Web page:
Four years ago, a junior at the prestigious Thomas Jefferson High School for Science and Technology in Alexandria, Va., approached Assistant Professor of Biology Pamela Tuma about procuring a research internship in her CUA lab. The professor agreed and started the teen, George Kannarkat, on research into the effect of alcohol on liver cells — at the time, a new area of investigation for Tuma.
Kannarkat’s yearlong research continued in the hands of then-CUA undergraduate Tara Rutledge, and that work helped attract research funds for Tuma’s team to further study alcoholic liver cells, including a two-year $375,000 grant from the National Institute on Alcohol Abuse and Alcoholism.
Despite the fact that alcoholic liver disease is a major health concern in the United States, little is known about how alcohol induces liver injury.
Rutledge, who graduated last May, will appear as co-author with Tuma in a scientific paper on the findings. Another grant based
on Tuma’s work with liver cells is now supporting two graduate students and several undergraduates in their research efforts.
In the world of science, the conventional wisdom has held that anyone lacking graduate-level experience doesn’t have the tools to contribute to solid research. That wisdom now seems outdated.
“In recent years universities and research foundations in the natural and some social sciences have increasingly encouraged involvement by undergraduates in cutting-edge research projects under the direction of faculty,” says L.R. Poos, dean of CUA’s School of Arts and Sciences. “Such opportunities enable students to evolve far beyond the textbook-and-guided-laboratory level into a more professional experience of research and engages them in a different type of interaction with faculty, making them more formidable candidates for graduate school or technical employment.”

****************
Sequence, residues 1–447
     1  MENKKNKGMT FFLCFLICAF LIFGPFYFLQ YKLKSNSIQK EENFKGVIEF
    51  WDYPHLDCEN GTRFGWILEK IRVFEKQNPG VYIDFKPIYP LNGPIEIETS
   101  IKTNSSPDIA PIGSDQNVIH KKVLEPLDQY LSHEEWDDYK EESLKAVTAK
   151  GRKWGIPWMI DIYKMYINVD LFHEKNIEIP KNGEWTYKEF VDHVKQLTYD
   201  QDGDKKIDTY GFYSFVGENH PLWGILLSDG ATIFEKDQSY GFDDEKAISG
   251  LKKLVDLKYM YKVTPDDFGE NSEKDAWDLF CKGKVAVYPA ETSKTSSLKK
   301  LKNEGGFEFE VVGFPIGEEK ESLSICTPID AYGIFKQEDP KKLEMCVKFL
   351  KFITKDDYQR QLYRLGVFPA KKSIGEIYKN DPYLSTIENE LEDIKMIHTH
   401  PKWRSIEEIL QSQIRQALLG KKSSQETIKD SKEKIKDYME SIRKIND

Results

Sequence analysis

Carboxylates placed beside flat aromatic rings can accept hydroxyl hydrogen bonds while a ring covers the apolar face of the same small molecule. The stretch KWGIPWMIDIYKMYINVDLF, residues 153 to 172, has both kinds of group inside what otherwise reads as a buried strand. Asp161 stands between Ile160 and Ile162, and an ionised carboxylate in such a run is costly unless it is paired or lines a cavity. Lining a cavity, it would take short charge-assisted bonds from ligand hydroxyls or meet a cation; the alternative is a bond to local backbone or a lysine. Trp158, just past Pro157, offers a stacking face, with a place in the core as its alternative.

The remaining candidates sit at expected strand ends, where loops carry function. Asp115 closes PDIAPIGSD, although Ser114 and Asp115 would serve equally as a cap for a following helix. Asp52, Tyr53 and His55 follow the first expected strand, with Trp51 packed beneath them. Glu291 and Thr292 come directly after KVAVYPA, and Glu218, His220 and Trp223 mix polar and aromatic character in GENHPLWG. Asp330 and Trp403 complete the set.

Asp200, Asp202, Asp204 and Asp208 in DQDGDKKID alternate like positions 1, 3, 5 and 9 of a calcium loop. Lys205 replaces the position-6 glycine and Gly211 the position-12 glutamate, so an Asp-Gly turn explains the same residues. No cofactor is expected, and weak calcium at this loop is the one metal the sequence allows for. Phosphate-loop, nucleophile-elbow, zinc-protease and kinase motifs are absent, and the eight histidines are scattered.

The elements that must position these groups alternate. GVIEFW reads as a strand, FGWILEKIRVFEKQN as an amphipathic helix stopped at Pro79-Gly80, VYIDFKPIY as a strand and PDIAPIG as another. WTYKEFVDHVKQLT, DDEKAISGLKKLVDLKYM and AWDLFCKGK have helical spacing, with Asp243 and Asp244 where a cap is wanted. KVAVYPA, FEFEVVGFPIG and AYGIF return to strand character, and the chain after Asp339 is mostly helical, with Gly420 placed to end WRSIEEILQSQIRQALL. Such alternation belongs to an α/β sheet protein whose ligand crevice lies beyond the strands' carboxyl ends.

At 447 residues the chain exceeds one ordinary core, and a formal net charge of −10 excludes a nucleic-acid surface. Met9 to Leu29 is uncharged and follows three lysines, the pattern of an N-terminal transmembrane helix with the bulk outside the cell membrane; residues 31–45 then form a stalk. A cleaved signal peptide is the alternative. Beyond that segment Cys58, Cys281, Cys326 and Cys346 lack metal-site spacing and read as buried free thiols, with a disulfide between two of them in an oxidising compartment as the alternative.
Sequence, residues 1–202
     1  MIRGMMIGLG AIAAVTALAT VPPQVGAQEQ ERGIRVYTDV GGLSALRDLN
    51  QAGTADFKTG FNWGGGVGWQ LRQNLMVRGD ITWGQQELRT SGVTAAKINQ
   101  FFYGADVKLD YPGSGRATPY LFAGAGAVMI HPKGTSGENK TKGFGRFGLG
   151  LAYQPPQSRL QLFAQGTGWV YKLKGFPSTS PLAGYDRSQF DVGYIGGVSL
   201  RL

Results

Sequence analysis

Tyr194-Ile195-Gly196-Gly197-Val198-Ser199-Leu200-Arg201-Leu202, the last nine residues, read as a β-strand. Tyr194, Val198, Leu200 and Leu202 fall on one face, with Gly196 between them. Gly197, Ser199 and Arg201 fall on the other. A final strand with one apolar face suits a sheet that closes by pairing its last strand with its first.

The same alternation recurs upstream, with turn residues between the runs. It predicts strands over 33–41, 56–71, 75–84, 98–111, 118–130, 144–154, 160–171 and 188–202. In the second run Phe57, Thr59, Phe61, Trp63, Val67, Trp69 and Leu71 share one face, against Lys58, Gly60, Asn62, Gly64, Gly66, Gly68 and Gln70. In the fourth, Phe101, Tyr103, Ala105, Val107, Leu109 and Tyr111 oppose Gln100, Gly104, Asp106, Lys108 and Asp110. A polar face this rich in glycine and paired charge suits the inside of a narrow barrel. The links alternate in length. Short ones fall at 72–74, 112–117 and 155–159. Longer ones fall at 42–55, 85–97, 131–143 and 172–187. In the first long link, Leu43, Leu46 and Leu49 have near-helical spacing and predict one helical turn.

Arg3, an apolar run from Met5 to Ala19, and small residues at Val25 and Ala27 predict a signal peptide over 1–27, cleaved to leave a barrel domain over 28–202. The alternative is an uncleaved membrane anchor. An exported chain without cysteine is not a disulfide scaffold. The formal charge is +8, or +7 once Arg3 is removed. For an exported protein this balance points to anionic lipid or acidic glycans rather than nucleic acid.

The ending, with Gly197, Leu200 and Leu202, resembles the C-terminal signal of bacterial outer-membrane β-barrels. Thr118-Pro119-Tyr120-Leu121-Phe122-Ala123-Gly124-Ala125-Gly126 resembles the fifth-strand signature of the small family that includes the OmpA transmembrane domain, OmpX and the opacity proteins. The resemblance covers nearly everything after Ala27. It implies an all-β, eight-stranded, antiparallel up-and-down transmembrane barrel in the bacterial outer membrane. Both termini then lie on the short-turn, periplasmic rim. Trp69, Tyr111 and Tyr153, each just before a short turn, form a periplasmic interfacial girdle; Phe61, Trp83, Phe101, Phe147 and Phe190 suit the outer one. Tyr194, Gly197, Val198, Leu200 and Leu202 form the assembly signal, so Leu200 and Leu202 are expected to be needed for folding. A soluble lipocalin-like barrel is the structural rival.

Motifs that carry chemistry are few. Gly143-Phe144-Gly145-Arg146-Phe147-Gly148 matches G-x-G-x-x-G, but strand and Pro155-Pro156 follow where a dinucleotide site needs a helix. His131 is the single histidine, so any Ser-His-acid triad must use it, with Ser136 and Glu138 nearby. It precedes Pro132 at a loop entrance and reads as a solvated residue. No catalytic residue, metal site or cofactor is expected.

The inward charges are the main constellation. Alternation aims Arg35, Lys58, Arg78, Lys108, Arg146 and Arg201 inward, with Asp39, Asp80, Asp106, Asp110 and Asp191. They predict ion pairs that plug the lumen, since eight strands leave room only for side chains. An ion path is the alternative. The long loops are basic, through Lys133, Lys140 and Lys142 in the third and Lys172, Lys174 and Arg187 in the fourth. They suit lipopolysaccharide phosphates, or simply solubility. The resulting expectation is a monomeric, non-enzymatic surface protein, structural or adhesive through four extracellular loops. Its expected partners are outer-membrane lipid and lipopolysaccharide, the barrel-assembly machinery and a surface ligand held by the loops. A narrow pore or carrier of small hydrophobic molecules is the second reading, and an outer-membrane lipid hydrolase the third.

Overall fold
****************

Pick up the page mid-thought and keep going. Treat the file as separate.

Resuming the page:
So far nine CUA undergraduates have earned course credit collaborating on Tuma’s research, and three of these students will have their findings published in a scientific journal in the coming months. In fact, most CUA biology majors will have participated in a graduate-level research study by the time they graduate, according to Tuma.
And when it comes to getting younger students involved in scientific research, Tuma has shown she’s not afraid to reach back into the pre-college set: Three other Thomas Jefferson students have worked with Tuma since Kannarkat — the son of CUA Assistant Controller Lizy Kannarkat — began his initial research.
Tuma calls her work with the next generation of scientists a “high-risk, high-payoff project” and admits it requires intensive supervision on the part of her graduate students and herself. It is easy for research professors to forget the teaching aspect of their jobs, says Tuma, and interacting with young students in this way helps her remember that linchpin of her profession.
As in many spheres of work, the younger generation makes up with enthusiasm and energy what it lacks in concrete experience and knowledge, which can add an invigorating quality to the lab, says Tuma.
“Graduate students can become jaded and tired and feel the pressure of the world,” she says. “The younger students bring freshness to the lab. Their minds are so alive, they’re so engaged and so willing to help.”
And, Tuma notes, getting one’s research published while still an undergraduate is so unusual that it can open doors to graduate school or a good job.
For Christina Cheng, B.A. 2005 — a former undergraduate researcher who will be listed as a co-author of one of Tuma’s upcoming publications — those open doors led to the Washington Cancer Institute. A clinical research associate with the institute since November 2005, Cheng monitors breast cancer patients participating in clinical studies, a position that requires her to work closely with doctors, pharmacists and labs. Luckily, she had plenty of practice in college. — M.M.
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